If the river is the boundary, the alluvion, as fast as it forms, becomes the property of the owner of the adjacent land to which it is attached. On a great public highway like the Mississippi, supporting an immense commerce and bearing it to every part of the globe, purchasers must have obtained lands for the beneficial use of the river as well as for the land. Can it be presumed that the United States would make grants of lands bordering upon this river, with its turbulent current, and subject to constant change in its banks by alluvion upon the one side and avulsions upon the other, and then claim all accretion formed by the gradual deposition of sand and soil, and deprive the grantee of his river front? If he should lose his entire grant by the washing of the river he must bear the loss, and he should be permitted to enjoy any gain which the ever-varying channel may bring to him. If a great government were to undertake under such circumstances to dispossess its grantee of his river front, the attempt would be akin to fraud, and it would lose the respect to which beneficent laws and the protection of the citizen would entitle it.
Sir William Blackstone says11 as to lands gained from the sea by alluvion, where the gain is by little and little, by small and imperceptible degrees, it shall go to the owner of the land adjoining. For 'de minimis non curat lex; and besides, these owners, being often losers by the breaking in of the sea, or at charges to keep it out, this possible gain is, therefore, a reciprocal consideration for such possible charge or loss.'
The same reasoning applies, with all its force, to the lands abutting upon the Mississippi River.
This question has been discussed with profound research and great ability by the courts in Louisiana, as to accretions upon this same river, and the law clearly announced. In Municipality No. 2 v. Orleans Cotton Press,12 it was declared that the right to future alluvial formations was a right inherent in the property, an essential attribute of it, the result of natural law, in consequence of the local situation of the land; that cities, as well as individuals, had the right to acquire it, jure alluvionis, as riparian proprietor; and that the right was founded in justice, both on account of the risks to which the land was exposed and the burden of protecting the estate. The court further assimilated the right to the right of the owner of land to the fruits of a tree growing thereon.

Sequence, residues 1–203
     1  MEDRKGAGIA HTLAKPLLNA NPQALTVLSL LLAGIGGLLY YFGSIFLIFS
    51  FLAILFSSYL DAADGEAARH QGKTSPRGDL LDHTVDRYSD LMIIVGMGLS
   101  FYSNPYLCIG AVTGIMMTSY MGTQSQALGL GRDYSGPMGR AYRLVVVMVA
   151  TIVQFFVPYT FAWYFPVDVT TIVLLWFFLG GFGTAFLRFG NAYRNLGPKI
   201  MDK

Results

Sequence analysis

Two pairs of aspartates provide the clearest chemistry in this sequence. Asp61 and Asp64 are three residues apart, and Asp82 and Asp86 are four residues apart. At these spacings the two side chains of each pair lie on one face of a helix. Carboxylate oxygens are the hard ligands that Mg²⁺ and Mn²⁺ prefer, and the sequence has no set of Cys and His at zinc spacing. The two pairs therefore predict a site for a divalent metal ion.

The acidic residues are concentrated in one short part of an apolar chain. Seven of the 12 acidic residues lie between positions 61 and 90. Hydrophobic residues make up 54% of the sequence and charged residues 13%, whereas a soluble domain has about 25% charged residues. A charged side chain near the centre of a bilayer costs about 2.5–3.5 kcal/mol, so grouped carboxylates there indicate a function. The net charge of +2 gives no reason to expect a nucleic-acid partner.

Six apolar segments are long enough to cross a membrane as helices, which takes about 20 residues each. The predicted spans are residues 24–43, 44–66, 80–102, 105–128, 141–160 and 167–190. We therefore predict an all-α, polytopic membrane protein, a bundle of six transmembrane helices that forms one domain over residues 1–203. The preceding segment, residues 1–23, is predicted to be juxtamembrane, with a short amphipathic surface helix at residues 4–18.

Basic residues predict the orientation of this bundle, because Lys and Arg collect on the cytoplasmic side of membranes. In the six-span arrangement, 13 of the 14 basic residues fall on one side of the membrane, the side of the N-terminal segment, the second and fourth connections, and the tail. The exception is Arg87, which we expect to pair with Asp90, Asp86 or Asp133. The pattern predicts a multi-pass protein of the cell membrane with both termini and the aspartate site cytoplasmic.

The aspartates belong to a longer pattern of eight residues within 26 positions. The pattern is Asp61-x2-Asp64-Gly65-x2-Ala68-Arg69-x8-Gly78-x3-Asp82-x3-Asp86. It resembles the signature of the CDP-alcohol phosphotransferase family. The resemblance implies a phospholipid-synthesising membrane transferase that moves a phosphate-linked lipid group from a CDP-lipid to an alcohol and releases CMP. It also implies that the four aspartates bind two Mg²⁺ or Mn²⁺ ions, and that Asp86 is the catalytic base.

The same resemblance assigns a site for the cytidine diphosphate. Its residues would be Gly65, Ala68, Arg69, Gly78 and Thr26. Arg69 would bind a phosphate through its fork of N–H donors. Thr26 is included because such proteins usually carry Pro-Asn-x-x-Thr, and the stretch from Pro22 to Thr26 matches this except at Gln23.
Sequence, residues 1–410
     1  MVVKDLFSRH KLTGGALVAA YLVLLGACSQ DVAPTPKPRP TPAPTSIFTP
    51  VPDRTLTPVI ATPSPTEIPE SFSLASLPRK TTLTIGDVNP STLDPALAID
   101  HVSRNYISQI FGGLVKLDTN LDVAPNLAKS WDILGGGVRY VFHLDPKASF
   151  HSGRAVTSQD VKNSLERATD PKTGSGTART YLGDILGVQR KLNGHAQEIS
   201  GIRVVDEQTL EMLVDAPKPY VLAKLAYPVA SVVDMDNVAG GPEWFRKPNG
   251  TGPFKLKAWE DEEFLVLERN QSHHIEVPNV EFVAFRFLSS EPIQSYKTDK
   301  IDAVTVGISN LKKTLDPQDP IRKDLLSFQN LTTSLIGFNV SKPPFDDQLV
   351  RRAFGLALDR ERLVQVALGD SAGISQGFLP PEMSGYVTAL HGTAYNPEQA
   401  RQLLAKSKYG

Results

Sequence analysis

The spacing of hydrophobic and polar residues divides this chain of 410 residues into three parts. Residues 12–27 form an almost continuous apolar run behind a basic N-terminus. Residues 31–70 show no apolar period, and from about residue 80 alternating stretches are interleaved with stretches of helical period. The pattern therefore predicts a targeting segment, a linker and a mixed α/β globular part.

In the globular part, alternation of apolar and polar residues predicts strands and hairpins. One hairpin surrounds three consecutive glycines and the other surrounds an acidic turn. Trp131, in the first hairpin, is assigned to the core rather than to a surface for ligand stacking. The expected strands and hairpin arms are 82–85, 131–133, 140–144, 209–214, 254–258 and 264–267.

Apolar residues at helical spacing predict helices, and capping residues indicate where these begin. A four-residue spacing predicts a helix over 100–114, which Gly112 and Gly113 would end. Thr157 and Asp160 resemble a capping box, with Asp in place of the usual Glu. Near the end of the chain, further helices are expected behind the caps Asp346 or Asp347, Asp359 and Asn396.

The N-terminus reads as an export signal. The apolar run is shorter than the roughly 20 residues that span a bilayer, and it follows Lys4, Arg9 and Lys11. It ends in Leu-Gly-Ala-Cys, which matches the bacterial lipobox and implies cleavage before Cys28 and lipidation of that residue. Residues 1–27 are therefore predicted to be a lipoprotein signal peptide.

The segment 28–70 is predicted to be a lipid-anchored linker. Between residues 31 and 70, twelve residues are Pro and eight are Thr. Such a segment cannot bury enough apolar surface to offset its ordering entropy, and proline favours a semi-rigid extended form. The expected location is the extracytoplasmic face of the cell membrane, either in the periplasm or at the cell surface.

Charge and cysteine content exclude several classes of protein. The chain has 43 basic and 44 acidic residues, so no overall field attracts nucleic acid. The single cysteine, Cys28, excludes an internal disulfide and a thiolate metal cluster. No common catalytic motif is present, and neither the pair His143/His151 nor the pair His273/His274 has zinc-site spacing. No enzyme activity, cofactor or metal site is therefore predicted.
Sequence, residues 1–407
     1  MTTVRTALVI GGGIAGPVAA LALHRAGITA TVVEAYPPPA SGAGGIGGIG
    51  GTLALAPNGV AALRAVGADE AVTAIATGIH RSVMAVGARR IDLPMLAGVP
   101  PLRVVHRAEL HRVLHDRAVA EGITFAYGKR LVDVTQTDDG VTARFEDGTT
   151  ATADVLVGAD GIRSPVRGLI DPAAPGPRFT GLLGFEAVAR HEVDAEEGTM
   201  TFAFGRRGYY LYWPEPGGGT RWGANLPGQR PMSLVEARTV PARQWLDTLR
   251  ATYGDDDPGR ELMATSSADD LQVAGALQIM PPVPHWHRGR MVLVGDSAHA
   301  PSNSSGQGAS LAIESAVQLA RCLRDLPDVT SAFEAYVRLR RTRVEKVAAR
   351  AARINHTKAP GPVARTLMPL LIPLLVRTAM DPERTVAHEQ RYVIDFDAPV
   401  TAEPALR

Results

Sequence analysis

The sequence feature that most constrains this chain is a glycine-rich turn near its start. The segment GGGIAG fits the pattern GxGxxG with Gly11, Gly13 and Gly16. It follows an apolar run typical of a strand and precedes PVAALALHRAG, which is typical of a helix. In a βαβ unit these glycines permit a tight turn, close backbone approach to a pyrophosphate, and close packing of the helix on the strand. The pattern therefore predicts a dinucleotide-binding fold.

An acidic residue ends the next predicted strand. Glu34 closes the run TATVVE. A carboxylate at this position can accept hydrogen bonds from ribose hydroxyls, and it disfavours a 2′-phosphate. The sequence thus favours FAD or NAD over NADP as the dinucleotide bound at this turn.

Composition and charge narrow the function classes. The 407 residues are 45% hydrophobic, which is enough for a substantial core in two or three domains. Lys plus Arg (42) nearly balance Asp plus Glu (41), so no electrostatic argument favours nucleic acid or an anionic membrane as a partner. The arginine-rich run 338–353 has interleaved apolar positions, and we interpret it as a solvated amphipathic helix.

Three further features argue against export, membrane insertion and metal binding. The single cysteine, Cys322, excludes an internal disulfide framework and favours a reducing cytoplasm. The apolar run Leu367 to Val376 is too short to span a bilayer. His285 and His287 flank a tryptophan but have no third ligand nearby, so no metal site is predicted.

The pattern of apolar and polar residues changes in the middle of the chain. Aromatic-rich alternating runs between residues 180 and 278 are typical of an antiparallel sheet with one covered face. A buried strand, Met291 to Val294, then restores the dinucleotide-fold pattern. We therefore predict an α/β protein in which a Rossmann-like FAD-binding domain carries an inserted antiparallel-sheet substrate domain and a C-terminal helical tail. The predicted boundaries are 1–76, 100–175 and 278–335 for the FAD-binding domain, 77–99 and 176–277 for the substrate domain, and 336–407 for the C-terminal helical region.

The same principle was declared by this court in Banks v. Ogden.13
The only portion of the field-notes to which we desire to call attention is the following:
"To a post on the westerly side of the Cahokia Creek, thence down the creek with the different courses thereof,' and 'thence N. 85° W. 174 poles, to a post on the bank of the Mississippi River; from which thence N. 5° E., up the Mississippi River and bounding therewith (passing the southwesterly corner of Nicholas Jarrot's survey No. 579, claim No. 99, at 6 poles), 551 poles and 10 links, to a post northwesterly corner of Nicholas Jarrot's survey No. ___, claim No. 100."
This survey was made in 1815. From the copy of the plat of it, from the custodian of the United States surveys, it will be seen that the line along Cahokia Creek meanders with the stream, which was sinuous, and hence the call in the notes, 'down the said creek, with the different courses thereof.' A further examination of the plat will show that though the line from 'a post on the bank of the Mississippi River to a post northwesterly corner of Nicholas Jarrot's survey, claim No. 100,' is a straight line, the river-bank as indicated by the plat was also straight in 1815. The Coudaire survey embraces three militia claims which had been surveyed before, and which were confirmed to Jarrot.
One of the Jarrot surveys begins on the bank of the Mississippi, and thence to a point in the river, &c.
Concede that the Jarrot survey did not make the river the boundary by specific call, yet its beginning was on the bank of the river opposite St. Louis, and thence it followed the river to a point on it. It is, then, evident that at this time there was no land between the western line of the Jarrot survey and the river. All the plats introduced in evidence show that the river-bank was straight, and the point in the river must have been made for the purpose of obtaining the bearing of the witness tree, a sycamore 250 links from the point. It is manifest that the river was the boundary, and whether the grant was bounded by the river or on the river can make no difference as to the question involved. The grant may be so limited as not to carry it to the middle of the river, and yet not exclude the right to the alluvion.
The counsel for the county argue that a grant is not carried to the centre of a stream, but stops at the bank, if the grantor describes the line as upon the margin, or at the edge or shore, and that these terms become monuments, and that they indicate an intention to stop at the edge or margin of the river. This may be good law, and not affect the rights of the defendants. They do not claim the bed of the stream, and the river does not run over the land in dispute at ordinary stages of water. Their claim, if established, does not obstruct the river, or interfere with its free navigation and use by the public.